Wharton Business Radio

Knowledge@Wharton: October 3, 2018

Host Dan Loney is joined by Merve Emre (Associate Professor of English, Oxford University), Barbara Van Schewick (Professor of Law, Stanford Law School), Costas Synolakis (Professor of Civil and Environmental Engineering, Viterbi School of Engineering, USC), Louise Comfort (Professor of Public and International Affairs, University of Pittsburgh), Timothy Hubbard (Assistant Professor of Management, University of Notre Dame), and Michael Useem on the Wednesday, October 3, 2018 edition of Knowledge@Wharton.

Air Date: Wednesday, October 3, 2018 on SiriusXM 132

Hosted By

Louise Comfort and Costas Synolakis

Air Time: 10:30 am
Featuring: Costas Synolakis, Louise Comfort

Barbara Van Schewick

Air Time: 11:00 am
Featuring: Barbara Van Schewick

Merve Emre

Air Time: 11:30 am
Featuring: Merve Emre

Dr. Timothy Hubbard and Michael Useem

Air Time: 10:00 am
Featuring: Timothy Hubbard, Michael Useem

Featured Guests

Merve Emre

Associate Professor of English, Oxford University

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Merve Emre is associate professor of English at Oxford University and fellow of Worcester College. She holds a BA from Harvard and an MA, MPhil, and PhD from Yale. She is the author of two books: Paraliterary: The Making of Bad Readers in Postwar America (Chicago: University of Chicago Press, November 2017); and The Personality Brokers (New York: Doubleday, September 2018), which investigates the strange, secret history of personality testing. Her essays and criticism have appeared or are forthcoming in The New YorkerHarper’s MagazineThe New RepublicThe NationThe WalrusBookforumBoston ReviewThe Bafflern+1, and the Los Angeles Review of Books, where she is senior humanities editor.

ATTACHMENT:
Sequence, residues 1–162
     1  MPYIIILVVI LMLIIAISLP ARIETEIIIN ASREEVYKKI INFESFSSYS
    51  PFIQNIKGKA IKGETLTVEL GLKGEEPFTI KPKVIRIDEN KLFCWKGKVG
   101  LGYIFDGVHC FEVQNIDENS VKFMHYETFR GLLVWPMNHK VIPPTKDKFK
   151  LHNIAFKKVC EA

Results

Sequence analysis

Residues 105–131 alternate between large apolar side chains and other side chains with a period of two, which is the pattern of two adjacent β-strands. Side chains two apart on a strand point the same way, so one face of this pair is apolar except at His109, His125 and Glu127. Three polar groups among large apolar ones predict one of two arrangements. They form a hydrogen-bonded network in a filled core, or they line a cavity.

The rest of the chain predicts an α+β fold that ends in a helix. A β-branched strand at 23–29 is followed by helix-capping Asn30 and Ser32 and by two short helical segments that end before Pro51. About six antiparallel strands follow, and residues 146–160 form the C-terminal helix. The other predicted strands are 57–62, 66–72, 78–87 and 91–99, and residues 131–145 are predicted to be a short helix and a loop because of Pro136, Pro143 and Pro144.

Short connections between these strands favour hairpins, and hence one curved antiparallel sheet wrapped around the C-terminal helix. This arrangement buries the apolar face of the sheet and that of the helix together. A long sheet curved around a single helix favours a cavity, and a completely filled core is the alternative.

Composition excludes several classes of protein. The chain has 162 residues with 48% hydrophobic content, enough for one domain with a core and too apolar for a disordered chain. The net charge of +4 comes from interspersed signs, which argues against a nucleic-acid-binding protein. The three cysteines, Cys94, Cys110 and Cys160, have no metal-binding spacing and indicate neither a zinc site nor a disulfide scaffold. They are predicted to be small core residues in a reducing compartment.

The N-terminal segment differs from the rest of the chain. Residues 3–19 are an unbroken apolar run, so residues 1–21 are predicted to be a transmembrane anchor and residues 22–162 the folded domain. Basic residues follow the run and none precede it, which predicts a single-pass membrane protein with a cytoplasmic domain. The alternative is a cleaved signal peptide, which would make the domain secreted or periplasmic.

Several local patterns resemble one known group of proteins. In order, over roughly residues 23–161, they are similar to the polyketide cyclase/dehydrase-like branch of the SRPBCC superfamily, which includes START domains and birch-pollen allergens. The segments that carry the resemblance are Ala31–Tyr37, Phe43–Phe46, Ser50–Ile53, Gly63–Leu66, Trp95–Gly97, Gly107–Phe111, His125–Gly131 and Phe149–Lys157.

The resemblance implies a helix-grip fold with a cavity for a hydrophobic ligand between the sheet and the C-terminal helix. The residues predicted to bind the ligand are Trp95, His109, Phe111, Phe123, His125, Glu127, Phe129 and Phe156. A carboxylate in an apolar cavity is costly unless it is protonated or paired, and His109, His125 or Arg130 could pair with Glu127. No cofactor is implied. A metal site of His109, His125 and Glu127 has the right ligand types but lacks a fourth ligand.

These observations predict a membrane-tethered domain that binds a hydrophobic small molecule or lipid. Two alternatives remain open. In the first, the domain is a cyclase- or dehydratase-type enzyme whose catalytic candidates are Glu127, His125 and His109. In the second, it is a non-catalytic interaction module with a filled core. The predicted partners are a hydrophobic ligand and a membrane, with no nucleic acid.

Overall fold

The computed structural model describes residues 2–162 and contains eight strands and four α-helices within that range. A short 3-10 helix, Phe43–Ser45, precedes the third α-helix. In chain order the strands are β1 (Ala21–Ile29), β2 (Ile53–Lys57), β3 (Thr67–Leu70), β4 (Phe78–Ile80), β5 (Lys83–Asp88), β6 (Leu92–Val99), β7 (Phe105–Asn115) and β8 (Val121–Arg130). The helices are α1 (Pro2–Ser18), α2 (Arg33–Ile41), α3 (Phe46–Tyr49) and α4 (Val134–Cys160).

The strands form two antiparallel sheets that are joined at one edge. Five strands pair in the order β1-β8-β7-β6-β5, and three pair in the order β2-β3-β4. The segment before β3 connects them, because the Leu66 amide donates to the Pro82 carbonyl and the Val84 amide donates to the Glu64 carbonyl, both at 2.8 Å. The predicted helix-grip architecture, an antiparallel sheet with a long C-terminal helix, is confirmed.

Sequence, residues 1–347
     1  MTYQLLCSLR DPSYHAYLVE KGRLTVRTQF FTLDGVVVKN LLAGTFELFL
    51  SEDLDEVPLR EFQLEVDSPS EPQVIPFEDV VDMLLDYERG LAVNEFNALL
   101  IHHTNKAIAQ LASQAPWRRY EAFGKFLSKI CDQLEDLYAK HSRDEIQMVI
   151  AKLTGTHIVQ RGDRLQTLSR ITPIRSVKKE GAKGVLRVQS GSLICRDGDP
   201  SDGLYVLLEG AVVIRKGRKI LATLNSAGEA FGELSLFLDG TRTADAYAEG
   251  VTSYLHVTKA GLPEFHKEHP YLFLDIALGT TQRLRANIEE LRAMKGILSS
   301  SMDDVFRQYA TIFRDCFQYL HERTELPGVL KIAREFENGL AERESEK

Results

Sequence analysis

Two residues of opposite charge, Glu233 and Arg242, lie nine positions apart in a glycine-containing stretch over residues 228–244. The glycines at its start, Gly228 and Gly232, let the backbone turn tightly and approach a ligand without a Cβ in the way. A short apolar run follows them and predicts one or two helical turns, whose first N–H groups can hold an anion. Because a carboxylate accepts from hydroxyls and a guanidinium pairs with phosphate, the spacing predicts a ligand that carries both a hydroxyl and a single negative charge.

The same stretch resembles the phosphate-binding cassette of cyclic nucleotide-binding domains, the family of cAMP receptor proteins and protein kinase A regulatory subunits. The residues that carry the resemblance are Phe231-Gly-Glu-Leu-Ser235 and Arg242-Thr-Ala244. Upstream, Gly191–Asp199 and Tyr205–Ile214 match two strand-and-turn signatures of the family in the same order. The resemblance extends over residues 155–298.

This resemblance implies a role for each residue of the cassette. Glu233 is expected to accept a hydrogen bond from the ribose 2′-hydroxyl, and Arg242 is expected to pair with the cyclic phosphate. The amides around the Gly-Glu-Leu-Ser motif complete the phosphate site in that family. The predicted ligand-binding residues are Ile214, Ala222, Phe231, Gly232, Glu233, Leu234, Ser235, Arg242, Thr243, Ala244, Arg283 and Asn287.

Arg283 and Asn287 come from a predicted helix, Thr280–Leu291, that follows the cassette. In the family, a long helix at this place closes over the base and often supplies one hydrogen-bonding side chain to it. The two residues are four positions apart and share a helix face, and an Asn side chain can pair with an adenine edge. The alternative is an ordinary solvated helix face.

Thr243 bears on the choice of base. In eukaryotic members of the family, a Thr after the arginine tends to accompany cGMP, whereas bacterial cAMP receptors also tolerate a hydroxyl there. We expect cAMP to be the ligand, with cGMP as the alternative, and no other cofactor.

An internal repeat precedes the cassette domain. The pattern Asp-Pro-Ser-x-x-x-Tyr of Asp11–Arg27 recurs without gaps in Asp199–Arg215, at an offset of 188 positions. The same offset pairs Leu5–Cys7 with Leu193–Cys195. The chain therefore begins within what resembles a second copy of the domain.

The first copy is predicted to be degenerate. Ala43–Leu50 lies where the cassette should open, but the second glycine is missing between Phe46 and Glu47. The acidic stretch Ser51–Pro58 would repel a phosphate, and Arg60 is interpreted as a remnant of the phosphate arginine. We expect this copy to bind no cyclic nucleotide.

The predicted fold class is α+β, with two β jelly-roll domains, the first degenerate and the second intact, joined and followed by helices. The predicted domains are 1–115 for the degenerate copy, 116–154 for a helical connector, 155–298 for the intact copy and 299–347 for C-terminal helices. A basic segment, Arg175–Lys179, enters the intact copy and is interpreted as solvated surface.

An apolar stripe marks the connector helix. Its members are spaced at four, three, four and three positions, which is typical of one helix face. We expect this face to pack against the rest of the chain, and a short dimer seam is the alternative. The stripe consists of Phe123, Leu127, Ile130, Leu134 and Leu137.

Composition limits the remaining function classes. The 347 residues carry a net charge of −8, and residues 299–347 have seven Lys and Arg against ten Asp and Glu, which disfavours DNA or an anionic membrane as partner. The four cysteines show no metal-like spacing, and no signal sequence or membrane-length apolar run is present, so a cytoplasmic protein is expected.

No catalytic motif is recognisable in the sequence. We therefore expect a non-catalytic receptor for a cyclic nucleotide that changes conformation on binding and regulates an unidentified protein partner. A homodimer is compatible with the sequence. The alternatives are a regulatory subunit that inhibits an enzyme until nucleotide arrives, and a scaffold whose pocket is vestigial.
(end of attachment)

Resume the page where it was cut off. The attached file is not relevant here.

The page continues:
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Barbara Van Schewick

Professor of Law, Stanford Law School

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Barbara van Schewick is a Professor of Law and Helen L. Crocker Faculty Scholar at Stanford Law School, Director of Stanford Law School’s Center for Internet and Society, Associate Professor by courtesy of Electrical Engineering in Stanford University’s Department of Electrical Engineering, and a leading expert on net neutrality.

Van Schewick’s research on the economic, regulatory, and strategic implications of communication networks bridges law, networking and economics. Her book Internet Architecture and Innovation (MIT Press 2010, Paperback 2012) is considered to be the seminal work on the science, economics and policy of network neutrality.

Her research has influenced net neutrality debates in the United States, Canada, Latin America, Asia, and Europe, and has been cited by academics, stakeholders, regulatory agencies, and other public entities worldwide. The Federal Communications Commission’s 2010 and 2014 Open Internet Orders relied heavily on her work. Her work also shaped the European Union’s recently adopted guidelines implementing the European Union’s net neutrality law, the 2017 Orders on zero-rating by the Canadian Radio-Television and Telecommunications Commission, and the 2016 Order on zero-rating by the Telecom Regulatory Authority of India.

Van Schewick has testified before the Federal Communications Commission (FCC), the Body of European Regulators for Electronic Communications (BEREC), and the Canadian Radio-television and Telecommunications Commission (CRTC), and has advised policy makers, legislators, and regulators in the US, Latin America, and Europe. She has submitted White Papers, ex parte letters and comments to network-neutrality-related proceedings in the U.S., Canada, India, and Europe, and co- authored amicus briefs defending the FCC’s Order against Comcast and the FCC’s 2010 and 2014 Open Internet Orders. In 2007, van Schewick was one of three academics who, together with public interest groups, filed the petition that started the FCC’s network neutrality inquiry into Comcast’s blocking of BitTorrent and other peer-to-peer protocols. Her letters to the FCC regarding Verizon Wireless’ blocking of tethering applications and Verizon’s, AT&T’s and T-Mobile’s blocking of Google Wallet received widespread attention and motivated the FCC and members of Congress to formally or informally investigate these cases.